Get 20M+ Full-Text Papers For Less Than $1.50/day. Start a 14-Day Trial for You or Your Team.

Learn More →

A Place for Stories: Nature, History, and Narrative

A Place for Stories: Nature, History, and Narrative This content is only available as a PDF. Author notes I would like to thank the many friends and colleagues who have read and criticized various versions of this essay. David Laurence was responsible for convincing me, rather against my will, that the perspective I've adopted here could be neither ignored nor evaded, and he offered generous guidance as I tried to acquire the critical vocabulary that would allow me to tackle these problems. As always, David Scobey has been my most faithful guide in helping me find my way through the dense thickets of literary theory. Comments and suggestions from Thomas Bender, Elise Broach, Robert Burt, Michael P. Cohen, James Davidson, David Brion Davis, Kai Erikson, Ann Fabian, Peter Gay, Amy Green, Michael Goldberg, Ramachandra Guha, Reeve Huston, Susan Johnson, Howard Lamar, Jonathan Lear, Patricia Limerick, Arch McCallum, George Miles, Katherine Morrissey, Jim O'Brien, Robert Shulman, Thompson Smith, Alan Taylor, Paul Taylor, Sylvia Tesh, Thompson Webb III, Timothy Weiskel, Richard White, Bryan Wolf, Donald Worster, and two anonymous readers likewise helped shape my thoughts on this subject. Finally, I owe a special debt to David Thelen and Steven Stowe for their persistence in encouraging me to return to an essay I had all but abandoned. I am grateful to all. Copyright Organization of American Historians, 1992 http://www.deepdyve.com/assets/images/DeepDyve-Logo-lg.png The Journal of American History Oxford University Press

A Place for Stories: Nature, History, and Narrative

The Journal of American History , Volume 78 (4) – Mar 1, 1992

Loading next page...
 
/lp/oxford-university-press/a-place-for-stories-nature-history-and-narrative-pmOKGcPd0R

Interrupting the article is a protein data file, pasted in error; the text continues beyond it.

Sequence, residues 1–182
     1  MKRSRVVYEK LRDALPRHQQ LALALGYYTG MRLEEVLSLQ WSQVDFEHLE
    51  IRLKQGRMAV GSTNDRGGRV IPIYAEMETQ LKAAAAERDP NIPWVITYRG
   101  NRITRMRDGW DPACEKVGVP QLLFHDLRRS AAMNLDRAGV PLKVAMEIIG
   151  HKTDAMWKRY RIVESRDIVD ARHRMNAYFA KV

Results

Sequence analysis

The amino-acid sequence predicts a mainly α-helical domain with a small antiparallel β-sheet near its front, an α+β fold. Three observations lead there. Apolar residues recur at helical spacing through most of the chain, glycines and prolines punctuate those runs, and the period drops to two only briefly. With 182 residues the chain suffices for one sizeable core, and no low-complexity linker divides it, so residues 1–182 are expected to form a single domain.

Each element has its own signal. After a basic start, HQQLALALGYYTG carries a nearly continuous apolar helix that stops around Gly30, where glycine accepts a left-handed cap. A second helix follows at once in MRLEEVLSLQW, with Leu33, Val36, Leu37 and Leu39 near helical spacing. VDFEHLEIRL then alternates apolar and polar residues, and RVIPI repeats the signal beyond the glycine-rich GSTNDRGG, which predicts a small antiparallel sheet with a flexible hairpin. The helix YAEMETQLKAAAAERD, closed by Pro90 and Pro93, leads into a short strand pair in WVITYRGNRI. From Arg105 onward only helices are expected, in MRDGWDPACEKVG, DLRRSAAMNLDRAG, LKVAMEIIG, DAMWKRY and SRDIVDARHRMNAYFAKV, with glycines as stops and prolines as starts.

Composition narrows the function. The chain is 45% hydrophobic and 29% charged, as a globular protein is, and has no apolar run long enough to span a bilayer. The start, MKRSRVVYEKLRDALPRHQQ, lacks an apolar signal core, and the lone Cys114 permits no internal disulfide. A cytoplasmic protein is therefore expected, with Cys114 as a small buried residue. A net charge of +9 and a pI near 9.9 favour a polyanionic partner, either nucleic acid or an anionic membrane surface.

References (10)

Publisher
Oxford University Press
Copyright
Copyright Organization of American Historians, 1992
ISSN
0021-8723
eISSN
1945-2314
DOI
10.2307/2079346
Publisher site
See Article on Publisher Site

Abstract

This content is only available as a PDF. Author notes I would like to thank the many friends and colleagues who have read and criticized various versions of this essay. David Laurence was responsible for convincing me, rather against my will, that the perspective I've adopted here could be neither ignored nor evaded, and he offered generous guidance as I tried to acquire the critical vocabulary that would allow me to tackle these problems. As always, David Scobey has been my most faithful guide in helping me find my way through the dense thickets of literary theory. Comments and suggestions from Thomas Bender, Elise Broach, Robert Burt, Michael P. Cohen, James Davidson, David Brion Davis, Kai Erikson, Ann Fabian, Peter Gay, Amy Green, Michael Goldberg, Ramachandra Guha, Reeve Huston, Susan Johnson, Howard Lamar, Jonathan Lear, Patricia Limerick, Arch McCallum, George Miles, Katherine Morrissey, Jim O'Brien, Robert Shulman, Thompson Smith, Alan Taylor, Paul Taylor, Sylvia Tesh, Thompson Webb III, Timothy Weiskel, Richard White, Bryan Wolf, Donald Worster, and two anonymous readers likewise helped shape my thoughts on this subject. Finally, I owe a special debt to David Thelen and Steven Stowe for their persistence in encouraging me to return to an essay I had all but abandoned. I am grateful to all. Copyright Organization of American Historians, 1992

Journal

The Journal of American HistoryOxford University Press

Published: Mar 1, 1992

There are no references for this article.